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Friday, July 01, 2005

Fairfax boss dines on Blair spin

Mark Scott is editor-in-chief of Metropolitan, Regional and Community Newspapers for the Fairfax publishing group. An occasional public speaker, Scott today excels himself with an article on why the Sydney Morning Herald rarely examines the plight of Africa.

He writes: "A serious newspaper like the Herald tries not to shy away from presenting difficult but newsworthy stories that may confront and challenge. And we attempt to reveal the issues behind the horrifying statistics of world poverty and disease."

Scott argues that "serious" newspapers essentially ignore world poverty because the issues are unlikely to engage readers. However, now that people like Bono, Bob Geldof and Tony Blair are "pushing poverty back into the headlines", "editors will find it easier to put a big story about world poverty in their papers that people will read."

Scott's understanding of the issues is predictably Western-centric and shallow. The unspoken truth about the current round of "saving Africa" - clearly articulated by Webdiary's Brian Bahnisch - is the fraud being pushed onto the general public. As George Monbiot argues, "the G8’s debt reduction plan is little better than an extortion racket." Why?

The key to Blair's supposed generosity towards Africa is the requirement of developing nations to accept massive amounts of foreign investment. In other words, the privatisation of essential services, such as water, gas and electricity. This Western "generosity" took place across Latin America in the 1990s and mass movements reacted angrily to "our" multinationals buying a country's independence.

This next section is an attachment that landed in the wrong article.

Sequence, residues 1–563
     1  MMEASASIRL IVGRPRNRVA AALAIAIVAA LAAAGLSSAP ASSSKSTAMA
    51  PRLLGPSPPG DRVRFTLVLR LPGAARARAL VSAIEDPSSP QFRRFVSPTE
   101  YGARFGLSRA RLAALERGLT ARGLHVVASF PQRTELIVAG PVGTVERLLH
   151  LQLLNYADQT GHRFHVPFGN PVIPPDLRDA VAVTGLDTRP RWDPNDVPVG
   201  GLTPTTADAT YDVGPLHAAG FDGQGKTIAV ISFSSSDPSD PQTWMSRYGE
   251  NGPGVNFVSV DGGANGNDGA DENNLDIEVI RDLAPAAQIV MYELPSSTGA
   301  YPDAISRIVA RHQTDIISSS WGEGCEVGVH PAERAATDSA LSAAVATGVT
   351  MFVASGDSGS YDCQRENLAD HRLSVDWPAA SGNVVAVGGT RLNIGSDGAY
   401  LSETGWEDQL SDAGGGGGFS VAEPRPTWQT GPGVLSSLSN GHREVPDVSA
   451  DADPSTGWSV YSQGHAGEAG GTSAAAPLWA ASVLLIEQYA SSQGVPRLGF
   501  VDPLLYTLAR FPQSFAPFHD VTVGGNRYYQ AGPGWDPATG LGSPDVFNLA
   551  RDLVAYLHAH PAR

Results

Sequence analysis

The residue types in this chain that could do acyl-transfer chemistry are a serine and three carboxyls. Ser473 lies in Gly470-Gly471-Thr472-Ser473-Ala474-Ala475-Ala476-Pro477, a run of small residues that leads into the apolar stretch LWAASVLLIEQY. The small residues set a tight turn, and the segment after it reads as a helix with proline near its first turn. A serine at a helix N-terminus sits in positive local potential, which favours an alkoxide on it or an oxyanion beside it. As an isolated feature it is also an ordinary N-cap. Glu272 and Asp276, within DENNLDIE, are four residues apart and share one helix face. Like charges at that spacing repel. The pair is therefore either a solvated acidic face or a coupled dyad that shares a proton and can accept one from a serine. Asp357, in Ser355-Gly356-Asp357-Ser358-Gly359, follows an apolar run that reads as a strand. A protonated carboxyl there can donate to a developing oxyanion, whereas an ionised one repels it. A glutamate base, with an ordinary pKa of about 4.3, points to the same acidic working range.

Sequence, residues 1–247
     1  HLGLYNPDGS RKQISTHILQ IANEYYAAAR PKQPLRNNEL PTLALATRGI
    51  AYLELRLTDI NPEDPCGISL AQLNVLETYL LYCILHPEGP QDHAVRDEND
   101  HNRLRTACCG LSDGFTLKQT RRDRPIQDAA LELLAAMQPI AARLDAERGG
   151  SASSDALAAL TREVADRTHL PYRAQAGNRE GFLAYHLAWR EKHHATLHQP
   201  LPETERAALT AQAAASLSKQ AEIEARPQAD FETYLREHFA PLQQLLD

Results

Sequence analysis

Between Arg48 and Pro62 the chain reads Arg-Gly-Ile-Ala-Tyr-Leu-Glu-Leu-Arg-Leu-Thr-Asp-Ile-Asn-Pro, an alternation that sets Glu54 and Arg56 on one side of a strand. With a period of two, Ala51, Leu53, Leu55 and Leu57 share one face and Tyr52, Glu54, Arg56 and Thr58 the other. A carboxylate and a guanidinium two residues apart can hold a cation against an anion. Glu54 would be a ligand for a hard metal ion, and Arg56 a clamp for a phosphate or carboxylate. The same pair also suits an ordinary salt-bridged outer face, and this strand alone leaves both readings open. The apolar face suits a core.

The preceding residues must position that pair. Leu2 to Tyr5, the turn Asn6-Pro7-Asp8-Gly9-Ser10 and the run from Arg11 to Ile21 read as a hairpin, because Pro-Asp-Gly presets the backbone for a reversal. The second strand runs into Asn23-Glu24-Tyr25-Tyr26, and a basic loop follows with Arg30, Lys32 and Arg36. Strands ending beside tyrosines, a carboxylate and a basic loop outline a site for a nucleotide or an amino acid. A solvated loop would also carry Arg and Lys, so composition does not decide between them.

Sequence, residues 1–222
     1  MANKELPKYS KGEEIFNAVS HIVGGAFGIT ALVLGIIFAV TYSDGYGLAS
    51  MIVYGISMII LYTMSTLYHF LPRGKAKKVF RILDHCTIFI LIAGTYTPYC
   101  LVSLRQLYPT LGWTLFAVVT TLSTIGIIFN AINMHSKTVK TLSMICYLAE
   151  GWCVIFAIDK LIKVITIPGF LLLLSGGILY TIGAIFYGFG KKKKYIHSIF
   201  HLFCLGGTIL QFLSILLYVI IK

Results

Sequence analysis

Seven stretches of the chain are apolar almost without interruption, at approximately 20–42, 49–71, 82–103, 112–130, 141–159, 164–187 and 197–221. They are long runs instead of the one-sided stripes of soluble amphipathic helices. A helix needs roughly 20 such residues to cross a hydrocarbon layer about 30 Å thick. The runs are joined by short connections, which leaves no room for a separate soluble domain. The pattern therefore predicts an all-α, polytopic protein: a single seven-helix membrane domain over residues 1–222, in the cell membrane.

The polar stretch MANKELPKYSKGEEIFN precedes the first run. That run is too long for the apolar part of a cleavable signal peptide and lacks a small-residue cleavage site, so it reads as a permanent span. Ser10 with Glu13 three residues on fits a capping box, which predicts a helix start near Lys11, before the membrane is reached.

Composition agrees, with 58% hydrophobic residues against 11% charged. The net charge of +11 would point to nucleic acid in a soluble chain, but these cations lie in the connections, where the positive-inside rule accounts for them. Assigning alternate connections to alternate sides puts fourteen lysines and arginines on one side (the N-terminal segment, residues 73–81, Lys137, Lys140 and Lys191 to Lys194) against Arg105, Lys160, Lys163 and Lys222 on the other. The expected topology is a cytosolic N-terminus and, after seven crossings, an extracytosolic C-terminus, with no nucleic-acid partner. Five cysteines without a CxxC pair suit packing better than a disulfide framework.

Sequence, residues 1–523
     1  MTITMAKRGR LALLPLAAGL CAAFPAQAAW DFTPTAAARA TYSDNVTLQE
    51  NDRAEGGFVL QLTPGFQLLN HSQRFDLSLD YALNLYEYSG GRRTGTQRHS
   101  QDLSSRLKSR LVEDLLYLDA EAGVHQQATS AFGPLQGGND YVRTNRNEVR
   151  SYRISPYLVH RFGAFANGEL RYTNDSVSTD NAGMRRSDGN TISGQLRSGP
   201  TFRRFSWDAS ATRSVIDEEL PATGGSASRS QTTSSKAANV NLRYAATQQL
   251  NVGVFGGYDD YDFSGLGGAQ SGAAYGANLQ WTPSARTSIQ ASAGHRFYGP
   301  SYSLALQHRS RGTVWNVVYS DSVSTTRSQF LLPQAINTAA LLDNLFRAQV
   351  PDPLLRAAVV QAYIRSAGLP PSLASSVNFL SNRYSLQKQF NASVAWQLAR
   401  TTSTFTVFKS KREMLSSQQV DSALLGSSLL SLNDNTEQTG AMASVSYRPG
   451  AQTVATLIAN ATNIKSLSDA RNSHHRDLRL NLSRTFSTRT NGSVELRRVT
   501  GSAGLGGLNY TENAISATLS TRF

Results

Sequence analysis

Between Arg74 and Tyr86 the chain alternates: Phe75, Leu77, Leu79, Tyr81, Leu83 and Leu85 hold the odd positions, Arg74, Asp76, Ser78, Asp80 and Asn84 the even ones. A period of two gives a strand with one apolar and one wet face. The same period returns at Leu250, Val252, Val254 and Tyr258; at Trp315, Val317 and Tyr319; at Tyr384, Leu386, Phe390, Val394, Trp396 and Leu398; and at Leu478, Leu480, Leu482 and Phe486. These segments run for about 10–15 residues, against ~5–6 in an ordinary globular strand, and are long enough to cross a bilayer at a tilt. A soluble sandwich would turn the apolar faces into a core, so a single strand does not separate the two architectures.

Monbiot explains:

"The G8 governments claim they want to help poor countries to develop and compete successfully. But they have a powerful commercial incentive to ensure that they compete unsuccessfully, and that our companies can grab their public services and obtain their commodities at rock bottom prices. The conditionalities we impose on the poor nations keep them on a short leash.

"That’s not the only conflict. The G8 finance ministers’ statement insists that the World Bank and IMF will monitor the indebted countries’ progress, and decide whether or not they are fit to be relieved of their burden. The World Bank and IMF, of course, are the agencies which have the most to lose from this redemption. They have a vested interest in ensuring that debt relief takes place as slowly as possible."

Scott's aims may be noble but his excuses for a major Australian newspaper are hollow. If he really wanted to engage the major issues related to debt and Africa, he'd invest in a full time journalist on the continent itself. Only the ABC has a full time reporter there, and she's supposed to cover every country!